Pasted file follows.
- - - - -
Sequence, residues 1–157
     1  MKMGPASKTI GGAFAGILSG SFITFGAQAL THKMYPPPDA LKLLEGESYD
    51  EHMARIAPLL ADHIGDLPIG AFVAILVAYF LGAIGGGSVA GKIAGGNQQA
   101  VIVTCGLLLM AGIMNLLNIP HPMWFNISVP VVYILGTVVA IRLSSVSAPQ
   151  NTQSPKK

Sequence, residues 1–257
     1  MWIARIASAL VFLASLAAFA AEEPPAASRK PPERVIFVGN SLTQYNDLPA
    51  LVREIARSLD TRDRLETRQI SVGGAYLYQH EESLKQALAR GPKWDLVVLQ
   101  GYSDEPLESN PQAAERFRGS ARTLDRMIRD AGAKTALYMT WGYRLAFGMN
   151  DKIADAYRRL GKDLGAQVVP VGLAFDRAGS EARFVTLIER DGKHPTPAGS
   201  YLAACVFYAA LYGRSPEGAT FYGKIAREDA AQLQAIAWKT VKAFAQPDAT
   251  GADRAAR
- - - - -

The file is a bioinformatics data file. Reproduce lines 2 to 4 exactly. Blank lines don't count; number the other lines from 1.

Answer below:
     1  MKMGPASKTI GGAFAGILSG SFITFGAQAL THKMYPPPDA LKLLEGESYD
    51  EHMARIAPLL ADHIGDLPIG AFVAILVAYF LGAIGGGSVA GKIAGGNQQA
   101  VIVTCGLLLM AGIMNLLNIP HPMWFNISVP VVYILGTVVA IRLSSVSAPQ